Sierra Leone and Croatia
Insight, wit and analysis from BBC correspondents, journalists and writers from around the world. Presented by Pascale Harter. In this edition:
Two religions, one God - and one devotee
Some people argue that the world today is living through 'a clash of civilisations' - between Islam and Christianity. You only have to tune into the news from time to time to see that there are people all over the world who believe these two religions to be utterly opposed. Look at the stories of inter-communal friction – and sometimes violence - between Christians and Muslims in Nigeria, Pakistan and Indonesia.
But in Sierra Leone, a country which has seen more than its fair share of war and devastation, Tamasin Ford has met some people who feel that not only are Islam and Christianity utterly compatible, they can even be seen as complementary. So: what is a "Chris-Mus" exactly, and what does he or she believe?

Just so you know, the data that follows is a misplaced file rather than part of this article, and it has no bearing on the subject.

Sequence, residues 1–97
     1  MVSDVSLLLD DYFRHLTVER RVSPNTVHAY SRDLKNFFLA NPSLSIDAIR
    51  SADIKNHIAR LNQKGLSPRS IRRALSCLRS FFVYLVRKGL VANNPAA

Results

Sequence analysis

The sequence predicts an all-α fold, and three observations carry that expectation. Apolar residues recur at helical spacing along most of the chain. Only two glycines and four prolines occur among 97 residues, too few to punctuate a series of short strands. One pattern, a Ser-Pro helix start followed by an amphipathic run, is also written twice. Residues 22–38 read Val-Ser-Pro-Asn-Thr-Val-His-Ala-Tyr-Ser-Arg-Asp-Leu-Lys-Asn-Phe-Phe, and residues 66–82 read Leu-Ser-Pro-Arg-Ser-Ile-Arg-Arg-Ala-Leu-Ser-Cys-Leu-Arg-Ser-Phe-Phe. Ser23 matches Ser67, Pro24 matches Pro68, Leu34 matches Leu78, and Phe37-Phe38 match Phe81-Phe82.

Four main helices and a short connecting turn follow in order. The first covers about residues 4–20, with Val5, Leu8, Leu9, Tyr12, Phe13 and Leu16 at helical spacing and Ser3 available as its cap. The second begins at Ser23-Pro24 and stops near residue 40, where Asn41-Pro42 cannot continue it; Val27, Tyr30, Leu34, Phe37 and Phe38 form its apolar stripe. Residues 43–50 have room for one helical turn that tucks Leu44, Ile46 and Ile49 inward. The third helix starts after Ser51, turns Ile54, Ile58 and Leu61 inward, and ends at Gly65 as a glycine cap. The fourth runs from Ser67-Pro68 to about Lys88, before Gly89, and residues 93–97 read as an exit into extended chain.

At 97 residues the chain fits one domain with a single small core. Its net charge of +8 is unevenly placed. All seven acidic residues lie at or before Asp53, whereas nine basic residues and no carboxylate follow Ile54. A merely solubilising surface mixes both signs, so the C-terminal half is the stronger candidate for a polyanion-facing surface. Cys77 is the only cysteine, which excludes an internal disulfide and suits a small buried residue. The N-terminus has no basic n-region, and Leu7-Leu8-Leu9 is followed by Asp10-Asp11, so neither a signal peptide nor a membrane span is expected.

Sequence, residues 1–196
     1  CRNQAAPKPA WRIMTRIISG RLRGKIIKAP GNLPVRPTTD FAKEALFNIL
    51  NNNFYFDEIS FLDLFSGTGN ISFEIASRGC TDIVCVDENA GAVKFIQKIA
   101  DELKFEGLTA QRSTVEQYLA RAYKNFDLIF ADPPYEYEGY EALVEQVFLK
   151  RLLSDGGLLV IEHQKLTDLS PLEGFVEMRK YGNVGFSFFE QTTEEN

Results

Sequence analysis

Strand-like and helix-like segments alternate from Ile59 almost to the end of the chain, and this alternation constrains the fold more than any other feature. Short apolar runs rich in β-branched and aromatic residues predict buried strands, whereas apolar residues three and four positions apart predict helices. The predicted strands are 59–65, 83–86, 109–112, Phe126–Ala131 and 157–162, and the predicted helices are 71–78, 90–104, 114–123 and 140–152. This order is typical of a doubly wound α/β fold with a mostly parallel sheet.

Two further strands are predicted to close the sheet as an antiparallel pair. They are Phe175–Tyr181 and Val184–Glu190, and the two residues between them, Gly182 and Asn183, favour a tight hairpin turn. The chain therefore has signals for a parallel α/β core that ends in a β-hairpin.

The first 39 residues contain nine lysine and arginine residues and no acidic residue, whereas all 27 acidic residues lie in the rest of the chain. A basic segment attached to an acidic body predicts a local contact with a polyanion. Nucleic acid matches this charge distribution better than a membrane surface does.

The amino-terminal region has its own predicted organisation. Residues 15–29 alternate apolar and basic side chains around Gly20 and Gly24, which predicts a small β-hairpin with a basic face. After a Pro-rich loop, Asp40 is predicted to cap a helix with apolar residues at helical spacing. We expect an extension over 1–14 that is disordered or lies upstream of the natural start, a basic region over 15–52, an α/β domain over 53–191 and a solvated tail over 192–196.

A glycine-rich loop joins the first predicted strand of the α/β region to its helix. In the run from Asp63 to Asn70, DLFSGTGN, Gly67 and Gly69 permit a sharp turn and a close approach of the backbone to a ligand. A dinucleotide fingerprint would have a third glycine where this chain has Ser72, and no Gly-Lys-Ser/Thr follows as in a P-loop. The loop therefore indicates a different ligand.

The days of plums and city visitors
Int he 1950s, Mary Novakavich's mother left her home, in what was then called Yugoslavia. She left behind a large and beautiful house, with acres of land - and had to find relatives to occupy it. Since then, the same rural spot has seen civil war, and wholesale political and economic reforms - and fewer and fewer young people willing to stay in the villages and work the fields.
The house is now inside the borders of Croatia - but it's missed the tide of tourism which has swept through the country's Adriatic coastal towns. On a recent visit back, Mary Novakovich found the area around it full of trees groaning with fruit and the houses hosting plenty of family guests, down from the city for the summer. But was all this activity really just a seasonal stop gap on the road to the slow extinction of rural life?
(Image: A view of the central mosque in Koidu in eastern Sierra Leone. Credit: AFP / Getty Images)